Ed. note: The late David DeSelle spent at least four decades of his life, searching and researching about the history of his county. Thanks to Ann Tuohy at the Blackman Museum in Snohomish, we add this biography of David, written in about 1988. The Blackman Museum in the city of Snohomish is a terrific historical resource when you visit Snohomish county.

      A native son of Snohomish county is R. David DeSelle, resident of the Snohomish district, who today is receiving birthday greetings from his many friends. Mr. DeSelle was born in Mukilteo, Jan. 5, 1885. A progressive farmer himself, Mr. DeSelle has contributed much to the growth of the agriculture and dairy industries in Snohomish county. He was active in the forming of the Snohomish County Fruit Growers Association. He also helped to start the first farm loan association in the county and was interested in the establishment of the first cow testing station. Dave, as his friends know him, also assisted in organizing the Snohomish and Island Counties Dairymen's Association.
      Dave is active in his support of the good roads movement and largely because of this fact, went into the state legislature in 1923. He long has been interested in the Grange and served his local Grange as its Master. He has been a resident of the Snohomish area since he was a child in 1890 and he has lived his entire life in the county.
      In the early days Mukilteo was the seaport of Snohomish county. Snohomish was the most active river port on the entire Puget sound. DeSelle's father settled on 59 acres of ground on the lagoon south of the Mukilteo lighthouse that he purchased in 1879.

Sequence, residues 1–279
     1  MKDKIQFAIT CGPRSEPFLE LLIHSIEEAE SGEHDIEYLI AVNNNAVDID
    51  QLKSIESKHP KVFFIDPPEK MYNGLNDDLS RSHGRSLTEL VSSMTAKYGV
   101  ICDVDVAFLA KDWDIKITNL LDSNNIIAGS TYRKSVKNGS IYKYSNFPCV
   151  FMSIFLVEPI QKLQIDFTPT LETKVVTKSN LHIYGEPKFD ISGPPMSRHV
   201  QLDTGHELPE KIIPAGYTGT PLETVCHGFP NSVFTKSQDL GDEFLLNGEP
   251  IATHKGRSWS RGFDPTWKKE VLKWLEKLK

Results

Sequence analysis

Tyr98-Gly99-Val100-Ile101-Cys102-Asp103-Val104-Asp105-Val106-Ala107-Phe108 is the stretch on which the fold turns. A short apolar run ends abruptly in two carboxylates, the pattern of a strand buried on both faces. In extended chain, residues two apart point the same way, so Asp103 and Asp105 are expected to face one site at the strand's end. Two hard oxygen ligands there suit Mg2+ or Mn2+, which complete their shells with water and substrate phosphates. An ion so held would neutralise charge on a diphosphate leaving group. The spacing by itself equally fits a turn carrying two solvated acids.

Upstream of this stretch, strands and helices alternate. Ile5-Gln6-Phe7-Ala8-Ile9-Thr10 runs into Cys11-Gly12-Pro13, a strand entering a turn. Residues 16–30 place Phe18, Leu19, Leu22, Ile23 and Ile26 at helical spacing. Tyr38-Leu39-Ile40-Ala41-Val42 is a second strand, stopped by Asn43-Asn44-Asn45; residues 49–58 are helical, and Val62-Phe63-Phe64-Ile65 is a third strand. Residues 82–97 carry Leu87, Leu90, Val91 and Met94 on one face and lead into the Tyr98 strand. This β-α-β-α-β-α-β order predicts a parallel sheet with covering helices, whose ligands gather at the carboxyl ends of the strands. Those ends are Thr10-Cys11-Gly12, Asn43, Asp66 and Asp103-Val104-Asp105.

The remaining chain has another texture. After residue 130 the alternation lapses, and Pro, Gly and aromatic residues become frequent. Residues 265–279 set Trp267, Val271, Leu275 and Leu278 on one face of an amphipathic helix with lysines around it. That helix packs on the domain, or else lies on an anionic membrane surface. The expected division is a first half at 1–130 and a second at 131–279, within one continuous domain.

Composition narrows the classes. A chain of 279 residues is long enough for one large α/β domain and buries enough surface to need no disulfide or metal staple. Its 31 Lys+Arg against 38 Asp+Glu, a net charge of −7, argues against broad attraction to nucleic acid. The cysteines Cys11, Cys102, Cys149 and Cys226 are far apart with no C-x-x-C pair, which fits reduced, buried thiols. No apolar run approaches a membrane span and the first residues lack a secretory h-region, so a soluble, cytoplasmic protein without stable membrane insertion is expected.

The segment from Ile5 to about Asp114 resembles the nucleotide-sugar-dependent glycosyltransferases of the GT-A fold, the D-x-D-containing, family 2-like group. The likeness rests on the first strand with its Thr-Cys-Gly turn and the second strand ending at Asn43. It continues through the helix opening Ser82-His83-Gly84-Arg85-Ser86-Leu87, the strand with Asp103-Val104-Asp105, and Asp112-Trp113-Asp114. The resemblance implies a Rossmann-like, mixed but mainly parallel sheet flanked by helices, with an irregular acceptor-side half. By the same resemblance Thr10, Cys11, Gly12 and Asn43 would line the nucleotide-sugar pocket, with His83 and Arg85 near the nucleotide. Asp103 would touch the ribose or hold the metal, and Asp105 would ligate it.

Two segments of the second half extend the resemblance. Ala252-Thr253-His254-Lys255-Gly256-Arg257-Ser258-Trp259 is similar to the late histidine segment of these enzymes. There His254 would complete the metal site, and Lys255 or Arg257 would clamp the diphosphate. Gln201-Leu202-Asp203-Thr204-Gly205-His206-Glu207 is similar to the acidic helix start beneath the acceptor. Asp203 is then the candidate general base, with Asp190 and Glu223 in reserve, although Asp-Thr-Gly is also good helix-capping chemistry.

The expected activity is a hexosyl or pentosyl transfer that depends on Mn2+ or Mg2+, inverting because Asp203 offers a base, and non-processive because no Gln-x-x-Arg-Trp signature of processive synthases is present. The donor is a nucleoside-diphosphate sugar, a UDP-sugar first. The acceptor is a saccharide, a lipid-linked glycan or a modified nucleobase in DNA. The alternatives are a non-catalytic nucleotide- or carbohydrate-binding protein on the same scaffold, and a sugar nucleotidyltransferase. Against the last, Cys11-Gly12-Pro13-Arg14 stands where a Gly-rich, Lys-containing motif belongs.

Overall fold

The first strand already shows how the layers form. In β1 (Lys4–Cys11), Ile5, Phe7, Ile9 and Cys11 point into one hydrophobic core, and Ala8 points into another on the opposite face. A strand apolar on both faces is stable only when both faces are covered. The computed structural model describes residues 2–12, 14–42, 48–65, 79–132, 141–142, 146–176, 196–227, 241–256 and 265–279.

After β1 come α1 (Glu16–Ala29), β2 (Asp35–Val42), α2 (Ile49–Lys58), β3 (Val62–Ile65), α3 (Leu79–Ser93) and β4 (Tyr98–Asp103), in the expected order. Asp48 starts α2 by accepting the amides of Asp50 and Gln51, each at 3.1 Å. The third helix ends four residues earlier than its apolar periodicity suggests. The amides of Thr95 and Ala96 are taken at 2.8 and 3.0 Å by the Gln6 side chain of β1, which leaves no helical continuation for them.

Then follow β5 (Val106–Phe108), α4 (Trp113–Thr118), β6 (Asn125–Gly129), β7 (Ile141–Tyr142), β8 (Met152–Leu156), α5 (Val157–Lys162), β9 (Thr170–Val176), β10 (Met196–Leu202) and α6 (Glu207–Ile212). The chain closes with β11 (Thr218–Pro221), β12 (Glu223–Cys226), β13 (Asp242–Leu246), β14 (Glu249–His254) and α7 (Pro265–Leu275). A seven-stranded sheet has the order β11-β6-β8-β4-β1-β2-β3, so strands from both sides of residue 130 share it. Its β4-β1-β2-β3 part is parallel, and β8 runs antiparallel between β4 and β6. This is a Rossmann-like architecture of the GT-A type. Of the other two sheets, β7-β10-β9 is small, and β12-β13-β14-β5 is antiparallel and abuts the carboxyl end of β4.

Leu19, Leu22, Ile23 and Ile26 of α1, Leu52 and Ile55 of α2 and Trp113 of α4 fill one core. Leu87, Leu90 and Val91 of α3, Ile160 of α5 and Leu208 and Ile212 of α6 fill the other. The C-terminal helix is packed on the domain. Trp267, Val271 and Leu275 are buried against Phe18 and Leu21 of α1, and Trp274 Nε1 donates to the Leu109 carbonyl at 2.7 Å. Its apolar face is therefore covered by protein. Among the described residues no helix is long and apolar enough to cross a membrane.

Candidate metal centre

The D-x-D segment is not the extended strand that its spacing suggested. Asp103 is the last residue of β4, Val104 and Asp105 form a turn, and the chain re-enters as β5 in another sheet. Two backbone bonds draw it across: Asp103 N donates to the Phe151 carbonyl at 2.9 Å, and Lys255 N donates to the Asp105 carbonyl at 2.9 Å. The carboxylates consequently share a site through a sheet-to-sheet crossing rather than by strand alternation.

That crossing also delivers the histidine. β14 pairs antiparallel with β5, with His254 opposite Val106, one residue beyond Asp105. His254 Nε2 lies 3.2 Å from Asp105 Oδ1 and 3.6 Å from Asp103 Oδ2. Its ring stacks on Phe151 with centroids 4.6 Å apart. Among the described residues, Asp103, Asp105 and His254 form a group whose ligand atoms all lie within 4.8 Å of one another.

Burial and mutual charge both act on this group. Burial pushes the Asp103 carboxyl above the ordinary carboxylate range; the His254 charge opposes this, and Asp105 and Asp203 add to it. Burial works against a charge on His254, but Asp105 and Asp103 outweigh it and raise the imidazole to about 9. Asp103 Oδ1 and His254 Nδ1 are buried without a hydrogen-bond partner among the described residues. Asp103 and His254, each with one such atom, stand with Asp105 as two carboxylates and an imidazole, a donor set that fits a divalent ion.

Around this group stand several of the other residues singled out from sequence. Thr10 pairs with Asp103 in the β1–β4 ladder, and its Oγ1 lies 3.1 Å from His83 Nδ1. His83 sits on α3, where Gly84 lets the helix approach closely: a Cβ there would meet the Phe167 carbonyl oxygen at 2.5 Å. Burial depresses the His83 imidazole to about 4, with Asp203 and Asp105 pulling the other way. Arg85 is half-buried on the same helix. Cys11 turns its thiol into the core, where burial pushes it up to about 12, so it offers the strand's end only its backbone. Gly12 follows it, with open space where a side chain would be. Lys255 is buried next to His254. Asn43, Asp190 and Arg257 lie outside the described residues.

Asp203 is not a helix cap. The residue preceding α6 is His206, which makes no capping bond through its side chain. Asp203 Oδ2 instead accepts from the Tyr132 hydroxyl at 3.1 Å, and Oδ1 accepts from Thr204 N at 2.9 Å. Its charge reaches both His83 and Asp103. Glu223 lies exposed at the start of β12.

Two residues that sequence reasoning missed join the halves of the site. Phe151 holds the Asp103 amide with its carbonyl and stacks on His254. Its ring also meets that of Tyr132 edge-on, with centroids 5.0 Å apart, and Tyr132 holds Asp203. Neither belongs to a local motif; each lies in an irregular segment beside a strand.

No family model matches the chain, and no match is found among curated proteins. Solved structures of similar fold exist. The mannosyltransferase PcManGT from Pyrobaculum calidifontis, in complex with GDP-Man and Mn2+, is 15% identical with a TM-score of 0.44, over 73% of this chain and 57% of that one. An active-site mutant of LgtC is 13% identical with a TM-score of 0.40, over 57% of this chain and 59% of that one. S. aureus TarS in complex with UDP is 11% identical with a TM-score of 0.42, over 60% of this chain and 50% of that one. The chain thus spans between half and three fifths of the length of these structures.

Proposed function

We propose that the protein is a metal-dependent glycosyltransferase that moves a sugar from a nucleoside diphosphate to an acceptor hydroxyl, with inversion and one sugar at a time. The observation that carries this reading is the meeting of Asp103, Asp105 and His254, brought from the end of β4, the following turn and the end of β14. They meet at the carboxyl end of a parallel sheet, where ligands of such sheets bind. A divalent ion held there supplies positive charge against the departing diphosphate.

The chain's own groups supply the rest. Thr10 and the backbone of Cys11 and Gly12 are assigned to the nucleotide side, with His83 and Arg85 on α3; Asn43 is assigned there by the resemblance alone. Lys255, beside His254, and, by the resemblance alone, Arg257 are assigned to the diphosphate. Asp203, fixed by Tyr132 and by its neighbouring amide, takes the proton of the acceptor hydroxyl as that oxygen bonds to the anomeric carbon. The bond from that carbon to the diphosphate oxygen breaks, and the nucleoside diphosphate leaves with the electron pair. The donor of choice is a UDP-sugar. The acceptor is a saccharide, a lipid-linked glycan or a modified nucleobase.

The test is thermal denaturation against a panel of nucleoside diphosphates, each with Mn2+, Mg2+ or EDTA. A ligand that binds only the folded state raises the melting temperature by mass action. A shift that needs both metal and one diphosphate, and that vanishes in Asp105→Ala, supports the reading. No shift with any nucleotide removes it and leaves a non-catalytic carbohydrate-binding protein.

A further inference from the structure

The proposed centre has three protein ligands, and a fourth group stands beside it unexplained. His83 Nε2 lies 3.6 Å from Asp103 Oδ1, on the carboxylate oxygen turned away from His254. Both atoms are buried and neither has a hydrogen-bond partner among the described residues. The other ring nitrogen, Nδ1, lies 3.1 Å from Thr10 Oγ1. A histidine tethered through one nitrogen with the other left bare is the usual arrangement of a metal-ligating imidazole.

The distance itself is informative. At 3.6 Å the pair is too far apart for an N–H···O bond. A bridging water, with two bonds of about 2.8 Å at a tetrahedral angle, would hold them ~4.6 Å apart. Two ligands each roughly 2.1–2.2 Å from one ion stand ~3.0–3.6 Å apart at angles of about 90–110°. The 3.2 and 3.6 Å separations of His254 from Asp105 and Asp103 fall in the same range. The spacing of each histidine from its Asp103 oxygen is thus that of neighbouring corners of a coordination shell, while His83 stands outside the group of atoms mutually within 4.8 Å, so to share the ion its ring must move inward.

It was the lure of the big city which took the family to Snohomish. There was the county seat, a bank, churches, lodges, about 2,000 people and 42 saloons. Besides, it wsa the home of DeSelle's uncle (his mother's brother) and the stories of the prospects of this booming metropolis were too good to ignore.
      DeSelle's principal business has always been farming. He's lived on the same acreage since the family's move to Snohomish, although not always in the same home. That move, by the way, was made on the "Mable" [steamboat], which continued to serve the river port on regular schedule until the early 1900s.
      Among his early recollections are those of the "upstart" town of Everett. For a number of years — 1904 to 1912 — his principal source of cash income was the sale of fresh vegetables to Everett housewives. The land route from Everett to Snohomish was south on Broadway to Lowell and on to Larimer's Corners. The route wound across the marsh to the bicycle tree and thence to Snohomish.
      His regular market place — if there was any such thing — was at the corner of Colby and Everett avenues which he recalls as "an area full of stumps. You just wheeled the wagon between them." Wetmore avenue, he recalls, was the first street in town to have concrete sidewalks — "the only decent place to walk in town."
      His principal hobby is the taming of the Pilchuck river as it passes along his acreage. It's a never-ending battle, he says, with the river doing its worst to carry DeSelle land away, even as DeSelle struggles to keep it for his own use. Neither admits the other is making any headway, for that pioneer spirit seems to be as determined as the river.

If you have access to photographs or documents or family memories about early Snohomish, Island or Skagit county history, we hope you will consider sharing copies with us.

Story posted on March 21, 2002, and last updated on Jan. 28, 2005